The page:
In the world according to Klug, the only legitimate status for Jews is as a minority community within a predominantly gentile society. He expresses perfunctory empathy for individual Jewish victims of antisemitism, but can summon up no support for the only real collective solution to antisemitic persecution: a sovereign Jewish state. The Oxford philosopher adores assimilated Jews who live as minorities in the Diaspora, but he abhors self-sufficient Jews who know how to make Merkava tanks and can deploy heavy armour in their own defence. And Klug attempts to validate his political allegiances by minimising the substance and scope of the Leftist antagonism towards Jewish communal interests. Rather than fighting against the Judeophobia that permeates the progressive movement, Klug instead serves as a paladin of anti-Zionism who defends the indefensible through sophistry and denial.

Muddying the Waters

But for Brian Klug’s polemic to have any logical coherence, he must narrowly define antisemitism as a mono-dimensional phenomenon. Thus he argues that “an anti-Semite sees Jews this way: they are an alien presence, a parasite that preys on humanity and seeks to dominate the world.” Of course, feverish theories of Judaic conspiracy have certainly been a staple of antisemitic mythology since the days of Tacitus. But history has demonstrated that there is more to Judeophobia than simple parables of shady behind-the-scenes political machinations.

And while Klug declares that this form of anti-Jewish bigotry should be rejected by the fair-minded, his denunciations to that effect are distinctly perfunctory in tone. When it becomes tactically unavoidable, he throws a bone to the Zionists by admitting that when tales of malevolent Judaic power are “projected on to Israel because it is a Jewish state, then anti-Zionism is anti-Semitic.” Klug even acknowledges that: “anti-Jewish slogans and graphics have appeared on marches opposing the invasion of Iraq.” But the philosopher then systematically proceeds to gut those factual concessions of any real weight. The application of double standards to the Jewish state might be “foul,” argues Klug, but it is not antisemitic because “the Israeli-Palestinian conflict is a bitter political struggle.”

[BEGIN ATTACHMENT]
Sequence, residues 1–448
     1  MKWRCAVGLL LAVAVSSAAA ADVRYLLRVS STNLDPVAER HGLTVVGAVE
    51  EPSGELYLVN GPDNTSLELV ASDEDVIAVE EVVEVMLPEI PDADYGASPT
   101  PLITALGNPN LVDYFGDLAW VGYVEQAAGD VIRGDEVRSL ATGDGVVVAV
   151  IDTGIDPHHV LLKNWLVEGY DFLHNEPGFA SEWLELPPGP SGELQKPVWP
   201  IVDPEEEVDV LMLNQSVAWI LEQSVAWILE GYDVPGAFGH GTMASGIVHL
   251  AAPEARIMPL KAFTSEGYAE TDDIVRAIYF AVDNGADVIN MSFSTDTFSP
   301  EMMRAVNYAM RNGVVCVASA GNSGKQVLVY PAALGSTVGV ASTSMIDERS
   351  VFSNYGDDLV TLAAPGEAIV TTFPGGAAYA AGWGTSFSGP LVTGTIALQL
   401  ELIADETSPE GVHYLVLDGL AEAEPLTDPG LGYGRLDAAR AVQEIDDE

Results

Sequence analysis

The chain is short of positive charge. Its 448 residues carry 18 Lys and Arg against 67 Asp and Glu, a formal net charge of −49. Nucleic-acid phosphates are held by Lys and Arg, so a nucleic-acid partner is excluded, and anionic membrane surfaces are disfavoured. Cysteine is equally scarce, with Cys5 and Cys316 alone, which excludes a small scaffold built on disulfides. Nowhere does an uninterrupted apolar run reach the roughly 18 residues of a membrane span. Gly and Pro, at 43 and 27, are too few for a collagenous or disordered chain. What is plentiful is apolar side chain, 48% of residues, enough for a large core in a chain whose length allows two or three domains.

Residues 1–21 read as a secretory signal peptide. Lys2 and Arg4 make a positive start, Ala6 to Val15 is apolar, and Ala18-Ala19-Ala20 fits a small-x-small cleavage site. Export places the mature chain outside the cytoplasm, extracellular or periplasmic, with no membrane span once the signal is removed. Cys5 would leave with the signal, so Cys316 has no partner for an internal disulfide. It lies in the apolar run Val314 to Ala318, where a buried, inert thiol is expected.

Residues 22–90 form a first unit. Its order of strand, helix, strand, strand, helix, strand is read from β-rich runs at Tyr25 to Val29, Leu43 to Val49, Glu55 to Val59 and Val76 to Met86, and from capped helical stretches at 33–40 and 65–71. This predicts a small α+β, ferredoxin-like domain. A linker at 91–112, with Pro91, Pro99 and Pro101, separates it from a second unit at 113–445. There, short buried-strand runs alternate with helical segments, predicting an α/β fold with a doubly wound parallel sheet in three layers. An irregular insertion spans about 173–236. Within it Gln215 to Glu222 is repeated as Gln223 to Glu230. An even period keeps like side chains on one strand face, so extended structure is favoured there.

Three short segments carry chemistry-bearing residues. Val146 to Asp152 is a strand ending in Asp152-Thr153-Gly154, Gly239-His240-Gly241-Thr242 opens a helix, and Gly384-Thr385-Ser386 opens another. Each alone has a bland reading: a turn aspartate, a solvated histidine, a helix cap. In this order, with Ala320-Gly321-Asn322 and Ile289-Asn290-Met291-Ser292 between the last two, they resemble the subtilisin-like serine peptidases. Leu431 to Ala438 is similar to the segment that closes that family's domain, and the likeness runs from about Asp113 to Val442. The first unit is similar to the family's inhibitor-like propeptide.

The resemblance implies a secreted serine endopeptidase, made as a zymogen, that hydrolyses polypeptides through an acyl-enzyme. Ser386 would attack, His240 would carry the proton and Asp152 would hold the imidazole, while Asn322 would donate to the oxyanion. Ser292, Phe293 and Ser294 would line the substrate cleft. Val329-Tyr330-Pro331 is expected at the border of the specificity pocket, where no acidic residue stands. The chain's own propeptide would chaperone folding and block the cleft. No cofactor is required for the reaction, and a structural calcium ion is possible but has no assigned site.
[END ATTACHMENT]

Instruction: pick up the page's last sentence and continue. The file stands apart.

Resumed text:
Hear No Evil, See No Evil, Speak No Denunciation of Evil

Yet even if one accepts Brian Klug’s restrictive definition of antisemitism, the selectivity of his outrage makes his denunciations of Judeophobia ring hollow. We hear no expressions of impassioned outrage over the wave of anti-Jewish rhetoric and violence that has erupted throughout Europe.

Thus I was unable to find any denunciation by Klug of noted British poet Tom Paulin’s call for the murder of “Brooklyn-born” Jewish inhabitants of West Bank and Gaza: “they should be shot dead. I think they are Nazis, racists and I feel nothing but hatred for them.” Paulin also expressed his support for attacks against Israeli civilians on the grounds that they “boost [Palestinian] morale.”

The poet’s comments attained widespread notoriety during a public controversy that erupted after Paulin was invited to deliver a lecture at Harvard University. Such radical sentiments proved far too rich for Harvard’s blood, and the versemaker’s invitation was subsequently rescinded. Yet despite Brian Klug’s interest in establishing a distinction between ‘legitimate’ hostility to Israel and ‘illegitimate’ antisemitism, he is mute on the subject of Tom Paulin.

And Klug was similarly quiescent when other high profile manifestations of Leftist antisemitism have surfaced to public view in his home country. Mum was the word when London social icon Lady Powell was reputed to have expressed her detestation of Jews on the grounds that “everything that was happening to them was their own fault.” And there is no record of him chastising the flagship journal of the British Left when the New Statesman ran a cover story in January 2002 entitled ‘A Kosher Conspiracy?’

This issue of the magazine so overflowed with antisemitic themes and imagery that it was difficult to decide which of them was more invidiously offensive. Was it the obnoxious picture of a golden Star of David piercing a Union Jack that graced the New Statesman’s cover? Or was it the article by Dennis Sewell arguing that the British media are subject to a systematic campaign of intimidation by an underhanded Jewish lobby?